Pizarro, G, Arecco, M.A. Ruiz, F., Ghidella, M. 2016. Modelado 3D por inversión gravimétrica de cuencas off shore de Argentina. Geoacta, 40, (2): 11-27. [ Links ]

Rabinowitz, P.D., LaBrecque, J., 1979. The Mesozoic South Atlantic Ocean and evolution of its continental margins. J. Geophys. Res., (84): 5973-6002. [ Links ]

Ramos, V.A., 1988. Late Proterozoic-Early Paleozoic of South America - a Collisional History. Episodes, 11, (3): (168-174). [ Links ]

Ramos, V.A., Riccardi, A.C. y Rolleri, E.O., 2004. Límites naturales del norte de la Patagonia. Revista de la Asociación Geológica Argentina, 59 (4): 785-786. [ Links ]

Ramos, V.A., 1996. Evolución tectónica de la Plataforma Continental, Geología y Recursos de la Plataforma Continental, In: Ramos, V. y Turic, M. (Eds.), Relatorio del XIII Congreso Geológico Argentino y III Congreso de Exploración de Hidrocarburos, Asociación Geológica Argentina e Instituto Argentino del Petróleo y el Gas, Relatorio (21): 385-404. [ Links ]

Ramos, V.A., 2008. Patagonia: A paleozoic continent adrift? Journal of South American Earth Sciences, (26): 235-251. [ Links ]

Ramos, V.A., Chemale, F., Naipauer, M., Pazos, P.J., 2014. A provenance study of the Paleozoic Ventania System (Argentina): Transient complex sources from Western and Eastern Gondwana, Gondwana Research, (26): 719-740. [ Links ]

Rapallini, A., 2005. The accretionary history of Southern South America from the latest Proterozoic to the Late Palaeozoic: some palaeomagnetic Constraints, Terrane Processes at the Margins of Gondwana, Geological Society of London, Special Publication, (246): 305-328. [ Links ]

Rapella, C., Pankhurst, R., 1993. El volcanismo riolítico del noreste de la Patagonia: Un evento meso-jurásico de corta duración y origen profundo. In: XII Congreso Geológico Argentino y II Congreso de Exploración de Hidrocarburos, Actas (4): 179-188, Mendoza. [ Links ]

Reid, A.B., Allsop, J., Granser, H., Millett, A., Somerton, I., 1990. Magnetic interpretation in three dimensions using Euler Deconvolution. Geophysics 55, (1): 80-91. [ Links ]

Reid, A.B., Fitz Gerald, D., McInerney, P., 2003. Euler deconvolution of gravity data. In: Society of Exploration Geophysicists (SEG), Annual Meeting, 580-583, New Orleans, 13-18 September. [ Links ]

Riley, T. R., Flowerdew, M. J., Pankhurst, R. J., Curtis, M. L., Millar, I. L., Fanning, C. M. and Whitehouse, M. J. 2016. Early Jurassic magmatism on the Antarctic Peninsula and potential correlation with the Subcordilleran plutonic belt of Patagonia. Journal of the Geological Society, (174): 365-376, doi:10.1144/jgs 2016-053. [ Links ]

Rolleri, E.O., 1972. Acerca de la dorsal del Mar Argentino y su posible significado geológico. IN: V Congreso Geol. Arg., Actas (4): 203-220. [ Links ]

Ruiz, F. and Introcaso, A., 2011. Study of the Claromecó basin from gravity, magnetic and geoid ondulation charts. Boletín del Instituto de Fisiografía y Geología, 79-81. [ Links ]

Salem, A. and Smith, R., 2005. Depth and structural index from normalized local wavenumber of 2-D magnetic anomalies. Geophysical Prospecting, (53): 83-89. [ Links ]

Sylwan, C., 2001. Geology of the Golfo San Jorge Basin, Argentina. Journal of Iberian Geology, (27): 123-157. [ Links ]

Talwani, M., J. L. Worzel, and M. Landisman, 1959. Rapid gravity computations for two-dimensional bodies with application to the Mendocino submarine fracture zone. J. Geophys. Res., 64: 49-59. [ Links ]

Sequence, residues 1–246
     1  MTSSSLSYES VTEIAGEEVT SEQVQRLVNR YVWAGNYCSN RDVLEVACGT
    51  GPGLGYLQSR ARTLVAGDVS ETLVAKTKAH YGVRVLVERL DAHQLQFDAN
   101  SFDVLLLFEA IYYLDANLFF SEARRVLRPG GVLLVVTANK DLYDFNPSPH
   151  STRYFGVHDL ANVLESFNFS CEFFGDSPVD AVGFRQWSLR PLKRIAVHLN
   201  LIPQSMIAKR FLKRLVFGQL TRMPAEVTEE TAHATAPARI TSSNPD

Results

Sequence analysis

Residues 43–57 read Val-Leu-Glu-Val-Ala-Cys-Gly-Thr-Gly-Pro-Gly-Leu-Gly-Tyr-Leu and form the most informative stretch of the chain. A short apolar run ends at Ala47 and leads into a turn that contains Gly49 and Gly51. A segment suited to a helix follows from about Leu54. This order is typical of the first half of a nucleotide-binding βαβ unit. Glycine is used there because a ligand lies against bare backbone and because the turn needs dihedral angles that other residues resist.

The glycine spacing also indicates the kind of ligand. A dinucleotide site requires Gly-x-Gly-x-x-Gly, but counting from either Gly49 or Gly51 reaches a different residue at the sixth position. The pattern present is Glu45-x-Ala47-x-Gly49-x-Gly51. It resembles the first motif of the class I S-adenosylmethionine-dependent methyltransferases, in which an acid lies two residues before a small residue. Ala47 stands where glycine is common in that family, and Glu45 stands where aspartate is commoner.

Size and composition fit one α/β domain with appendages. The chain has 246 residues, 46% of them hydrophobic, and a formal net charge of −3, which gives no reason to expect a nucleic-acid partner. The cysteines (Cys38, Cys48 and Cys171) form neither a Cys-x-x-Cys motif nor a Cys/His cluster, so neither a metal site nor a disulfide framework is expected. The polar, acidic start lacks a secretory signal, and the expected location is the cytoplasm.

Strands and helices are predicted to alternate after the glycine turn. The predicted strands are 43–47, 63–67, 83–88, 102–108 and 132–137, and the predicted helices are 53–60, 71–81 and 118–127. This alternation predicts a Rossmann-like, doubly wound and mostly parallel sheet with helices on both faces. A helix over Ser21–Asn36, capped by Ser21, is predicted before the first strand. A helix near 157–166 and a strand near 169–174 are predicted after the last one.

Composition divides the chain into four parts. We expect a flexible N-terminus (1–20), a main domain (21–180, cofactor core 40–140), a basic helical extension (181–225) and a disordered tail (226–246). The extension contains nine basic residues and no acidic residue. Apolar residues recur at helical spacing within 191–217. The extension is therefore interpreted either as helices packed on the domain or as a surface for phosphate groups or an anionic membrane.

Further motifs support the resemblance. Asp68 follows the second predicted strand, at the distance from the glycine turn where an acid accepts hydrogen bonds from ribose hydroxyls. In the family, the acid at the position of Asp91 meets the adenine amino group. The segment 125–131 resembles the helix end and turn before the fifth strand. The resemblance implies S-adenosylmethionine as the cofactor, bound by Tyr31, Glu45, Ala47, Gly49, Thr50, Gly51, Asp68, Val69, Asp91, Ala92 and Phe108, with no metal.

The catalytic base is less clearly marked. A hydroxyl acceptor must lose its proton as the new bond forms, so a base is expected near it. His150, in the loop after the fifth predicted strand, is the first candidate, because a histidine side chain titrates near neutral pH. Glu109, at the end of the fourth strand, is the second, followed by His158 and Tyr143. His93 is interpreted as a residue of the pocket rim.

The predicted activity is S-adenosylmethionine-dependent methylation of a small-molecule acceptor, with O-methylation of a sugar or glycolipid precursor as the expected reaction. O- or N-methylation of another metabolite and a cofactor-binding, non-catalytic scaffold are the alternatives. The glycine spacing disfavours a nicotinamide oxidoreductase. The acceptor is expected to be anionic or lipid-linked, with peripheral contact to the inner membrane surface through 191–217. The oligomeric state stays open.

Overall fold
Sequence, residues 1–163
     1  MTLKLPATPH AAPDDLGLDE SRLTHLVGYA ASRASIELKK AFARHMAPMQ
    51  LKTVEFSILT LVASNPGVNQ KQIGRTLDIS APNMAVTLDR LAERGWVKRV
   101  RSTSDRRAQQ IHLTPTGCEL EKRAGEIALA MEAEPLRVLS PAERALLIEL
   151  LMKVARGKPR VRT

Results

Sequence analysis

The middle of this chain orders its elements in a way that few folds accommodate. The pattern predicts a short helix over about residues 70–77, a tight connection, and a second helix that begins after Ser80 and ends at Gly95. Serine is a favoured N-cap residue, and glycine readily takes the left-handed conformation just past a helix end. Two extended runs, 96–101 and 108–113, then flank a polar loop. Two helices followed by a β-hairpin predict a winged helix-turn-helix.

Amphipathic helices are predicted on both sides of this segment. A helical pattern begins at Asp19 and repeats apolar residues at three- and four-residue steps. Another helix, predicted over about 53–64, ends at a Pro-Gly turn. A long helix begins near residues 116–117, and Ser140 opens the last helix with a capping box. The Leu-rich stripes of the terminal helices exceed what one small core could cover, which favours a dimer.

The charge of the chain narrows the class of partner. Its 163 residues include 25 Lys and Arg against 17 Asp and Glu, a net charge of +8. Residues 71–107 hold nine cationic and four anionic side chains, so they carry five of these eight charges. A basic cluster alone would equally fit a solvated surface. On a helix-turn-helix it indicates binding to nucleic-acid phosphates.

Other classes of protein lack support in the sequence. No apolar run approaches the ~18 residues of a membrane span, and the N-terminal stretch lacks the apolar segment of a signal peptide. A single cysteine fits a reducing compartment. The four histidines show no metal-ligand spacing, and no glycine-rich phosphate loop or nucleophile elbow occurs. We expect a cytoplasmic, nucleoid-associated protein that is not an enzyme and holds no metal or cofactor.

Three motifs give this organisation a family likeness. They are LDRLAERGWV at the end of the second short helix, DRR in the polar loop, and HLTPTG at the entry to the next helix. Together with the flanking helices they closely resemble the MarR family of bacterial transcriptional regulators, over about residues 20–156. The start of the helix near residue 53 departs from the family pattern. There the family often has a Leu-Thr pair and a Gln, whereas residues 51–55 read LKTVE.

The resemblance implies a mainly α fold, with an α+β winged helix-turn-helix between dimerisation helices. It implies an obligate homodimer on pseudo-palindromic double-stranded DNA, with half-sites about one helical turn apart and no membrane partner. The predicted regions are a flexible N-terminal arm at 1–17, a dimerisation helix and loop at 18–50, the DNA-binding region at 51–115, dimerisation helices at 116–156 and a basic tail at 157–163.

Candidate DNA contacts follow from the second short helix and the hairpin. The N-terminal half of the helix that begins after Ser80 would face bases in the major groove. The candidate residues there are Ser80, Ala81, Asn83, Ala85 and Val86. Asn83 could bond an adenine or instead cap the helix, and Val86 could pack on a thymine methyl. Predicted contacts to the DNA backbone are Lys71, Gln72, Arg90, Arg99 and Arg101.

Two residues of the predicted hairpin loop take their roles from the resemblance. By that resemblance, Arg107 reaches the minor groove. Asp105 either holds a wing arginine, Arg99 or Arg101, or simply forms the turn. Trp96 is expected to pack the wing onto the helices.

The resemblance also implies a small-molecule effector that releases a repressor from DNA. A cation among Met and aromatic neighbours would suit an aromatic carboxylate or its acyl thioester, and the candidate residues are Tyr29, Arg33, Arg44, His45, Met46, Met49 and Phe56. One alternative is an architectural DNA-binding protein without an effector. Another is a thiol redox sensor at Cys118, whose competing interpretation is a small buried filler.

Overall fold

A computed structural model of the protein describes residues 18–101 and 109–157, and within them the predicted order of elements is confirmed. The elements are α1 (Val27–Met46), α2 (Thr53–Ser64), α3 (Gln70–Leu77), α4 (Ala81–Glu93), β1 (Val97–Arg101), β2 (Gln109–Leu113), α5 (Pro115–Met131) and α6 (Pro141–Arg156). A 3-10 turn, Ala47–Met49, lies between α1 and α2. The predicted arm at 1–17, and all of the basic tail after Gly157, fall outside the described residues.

Tankard, A. J., Uliana, M. A., Welsink, H. J., Ramos, V. A., Turic, M., França, A. B., Milani, E. J., de Brito Neves, B. B., Eyles, N., Skarmeta, J., Santa Ana, Wiens, F., Cirbian, M., Lopez, O. P., De Wit, G. J. B., Machacha, T. and McG. Miller, R., 1995. Structural and Tectonic Controls of Basin Evolution in Southwestern Gondwana during the Phanerozoic. AAPG Special Volumes. In: Tankard A. J., Suárez Soruco, R. & Welsink, H. J., (Eds.), Petroleum basins of South America. Am. Assoc. Pet. Geol. Mem., (62): 5-52. [ Links ]

Tavella, G.F. and Wrigth, C., 1996. Cuenca del Salado, Geología y Recursos de la Plataforma Continental. In: Ramos, V. y Turic, M. (Eds.), Relatorio del XIII Congreso Geológico Argentino y III Congreso de Exploración de Hidrocarburos, Asociación Geológica Argentina e Instituto Argentino del Petróleo y el Gas, Relatorio (6): 95-116. [ Links ]

Teruggi, M.E., Leguizamón, M.A., andRamos, V.A., 1988, Metamorfitas de bajo grado con afinidades oceánicas en el basamento de Tandil: Su implicancia geotectónica, Provincia de Buenos Aires, Revista Asociación Geológica Argentina, 43, (3): 366-374. [ Links ]

Thompson, D.T., 1982. EDULDPH: A new technique for making computer-assisted depth estimates from magnetic data. Geophysics, 47, (1): 31-37. [ Links ]

Urien, C.M. and Zambrano, J.J., 1974. The Geology of the Basins of the Argentine Continental Margin and Malvinas Plateau, The South Atlantic, ed. Springer, 135-169. [ Links ]

Varela, R., Cingolani, C., Dalla Salda, L., 1988. Geocronología Rb/Sr en granitoides del basamento de Tandil, provincia de Buenos Aires. In: 2a Jornadas Geológicas bonaerenses. Resúmenes: 291-304, Bahía Blanca. [ Links ]

Verduzco, B., Fairhead, J.D., Green, C.M., MacKenzie, C., 2004. New insights to magnetic derivatives for structural mapping. Leading Edge, (23): 116-119. [ Links ]

Zambrano J.J., 1974, Cuencas sedimentarias en el subsuelo de la provincia de Buenos Aires y zonas adyacentes. Revista de la Asociación Geológica Argentina, 29, (4): 443-469. [ Links ]

Received: July 04, 2017; Accepted: March 20, 2018

aCorresponding author: marecco@fi.uba.ar

Creative Commons License This is an open-access article distributed under the terms of the Creative Commons Attribution License